LOS ANGELES "Citizen Kane," Orson Welles' powerful portrait of an unscrupulous media baron, beat back an assault from "The Godfather," on Wednesday to retain its title as the greatest American film.
Film critics, historians and experts voted "Kane" as the top U.S. film for the second time in a decade in a poll conducted by the American Film Institute. The results were revealed in a three-hour CBS special "100 Years, 100 Movies, 10th Anniversary Edition."
"The Godfather," which ranked third in the original poll of 100 great films a decade ago. moved up a notch to second place while "Casablanca" slipped to number three.
Also in the top 10 were a surprising "Raging Bull" at number four, up 20 places from a decade ago. "Singin' in the Rain" was in fifth place, "Gone With The Wind" was sixth followed by "Lawrence of Arabia," "Schindler's List," "Vertigo" and "The Wizard of Oz."
"Vertigo," the Hitchcock film starring James Stewart, rose to 9th place after placing 61st in the original poll.
"American film has always reflected and, in many respects, defined who we are," said AFI president and chief executive Jean Picker Firstenberg.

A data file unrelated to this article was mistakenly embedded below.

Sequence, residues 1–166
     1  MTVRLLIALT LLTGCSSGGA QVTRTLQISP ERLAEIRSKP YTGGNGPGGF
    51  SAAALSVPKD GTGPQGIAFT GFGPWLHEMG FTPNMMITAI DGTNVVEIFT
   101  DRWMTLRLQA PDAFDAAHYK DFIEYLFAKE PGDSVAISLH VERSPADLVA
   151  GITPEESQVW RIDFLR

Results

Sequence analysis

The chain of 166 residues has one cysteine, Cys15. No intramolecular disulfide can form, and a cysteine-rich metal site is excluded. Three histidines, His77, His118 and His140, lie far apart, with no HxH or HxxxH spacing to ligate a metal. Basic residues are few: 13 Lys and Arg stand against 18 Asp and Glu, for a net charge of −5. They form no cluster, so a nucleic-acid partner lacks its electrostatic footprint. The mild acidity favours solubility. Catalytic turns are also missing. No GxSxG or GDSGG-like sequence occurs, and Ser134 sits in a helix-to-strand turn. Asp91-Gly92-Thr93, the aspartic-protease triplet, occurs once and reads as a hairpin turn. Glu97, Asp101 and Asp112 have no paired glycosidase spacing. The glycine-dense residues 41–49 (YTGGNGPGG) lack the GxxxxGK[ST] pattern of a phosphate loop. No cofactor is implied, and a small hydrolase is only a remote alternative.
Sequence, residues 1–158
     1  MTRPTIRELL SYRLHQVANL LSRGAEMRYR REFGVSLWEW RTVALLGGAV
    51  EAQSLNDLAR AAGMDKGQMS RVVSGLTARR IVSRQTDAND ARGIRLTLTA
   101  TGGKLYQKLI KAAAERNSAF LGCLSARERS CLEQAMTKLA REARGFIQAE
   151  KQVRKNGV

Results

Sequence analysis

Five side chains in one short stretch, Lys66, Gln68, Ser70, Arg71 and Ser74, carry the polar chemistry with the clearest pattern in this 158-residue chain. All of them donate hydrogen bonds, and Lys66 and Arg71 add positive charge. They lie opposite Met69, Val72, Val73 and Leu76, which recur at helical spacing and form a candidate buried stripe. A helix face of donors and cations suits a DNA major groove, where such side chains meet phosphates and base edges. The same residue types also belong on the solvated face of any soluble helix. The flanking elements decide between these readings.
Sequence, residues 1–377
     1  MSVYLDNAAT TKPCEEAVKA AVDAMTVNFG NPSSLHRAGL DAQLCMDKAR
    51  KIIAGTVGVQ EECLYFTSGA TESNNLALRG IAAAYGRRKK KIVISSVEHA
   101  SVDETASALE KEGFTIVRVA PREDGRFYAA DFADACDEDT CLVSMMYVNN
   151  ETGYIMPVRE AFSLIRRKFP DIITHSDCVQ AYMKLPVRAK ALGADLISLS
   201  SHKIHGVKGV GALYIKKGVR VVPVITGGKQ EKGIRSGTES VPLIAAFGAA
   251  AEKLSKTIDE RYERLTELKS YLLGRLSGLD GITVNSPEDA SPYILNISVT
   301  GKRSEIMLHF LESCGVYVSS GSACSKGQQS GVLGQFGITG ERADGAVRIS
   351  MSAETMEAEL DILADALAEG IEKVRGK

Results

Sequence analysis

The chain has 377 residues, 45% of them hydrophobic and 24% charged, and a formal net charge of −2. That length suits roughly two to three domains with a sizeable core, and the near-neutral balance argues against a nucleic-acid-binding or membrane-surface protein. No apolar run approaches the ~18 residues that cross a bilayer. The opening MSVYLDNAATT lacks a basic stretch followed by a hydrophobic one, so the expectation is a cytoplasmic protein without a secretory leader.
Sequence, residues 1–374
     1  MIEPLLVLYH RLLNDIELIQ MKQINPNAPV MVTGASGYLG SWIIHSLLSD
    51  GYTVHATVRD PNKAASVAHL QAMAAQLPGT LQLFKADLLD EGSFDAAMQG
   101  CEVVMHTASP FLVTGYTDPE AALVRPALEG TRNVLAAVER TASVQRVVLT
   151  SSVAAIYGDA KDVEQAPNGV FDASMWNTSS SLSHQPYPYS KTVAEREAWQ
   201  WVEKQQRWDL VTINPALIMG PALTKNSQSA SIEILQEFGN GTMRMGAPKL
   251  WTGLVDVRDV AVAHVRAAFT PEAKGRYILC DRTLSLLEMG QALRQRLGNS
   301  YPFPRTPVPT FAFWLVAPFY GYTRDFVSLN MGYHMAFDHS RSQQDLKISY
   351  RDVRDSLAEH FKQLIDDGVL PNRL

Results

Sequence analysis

She credited the spreading popularity of the DVD with spurring interest in silent films and in often neglected masterpieces like John Ford's "The Searchers," which went from 96 on the original list to 12 this year.
For the first time, D.W. Griffith's silent masterpiece "Intolerance" was voted onto the list as was Buster Keaton's "The General" while Charlie Chaplin's poignant "City Lights" rose from 76 to 11 on the list.
But Griffith's racist 1915 film "Birth of a Nation" fell off the list entirely because of its now unpopular ideology, despite its history of technical innovations.
Of the 43 newly eligible films released from 1996 to 2006, only "Lord of the Rings: The Fellowship of the Ring" (50), "Saving Private Ryan" (71), "Titanic" (83) and "The Sixth Sense" (89) made the cut.
Other new additions to the list include "Cabaret" (63), "Who's Afraid of Virginia Woolf?" (67), "The Shawshank Redemption" (72), "All The President's Men" (77), "Spartacus" (81) and "A Night at the Opera" (85).
Among those films that did not make the list were: "Fantasia," "Doctor Zhivago," "Birth of a Nation," "The Jazz Singer," My Fair Lady," "From Here to Eternity" and "An American in Paris."
AFI film historian Pat Hansen said it seemed that musicals took the biggest hit. "Musicals seemed out of favor and were replaced by more popular films like 'Titanic' and 'Saving Private Ryan'," she said.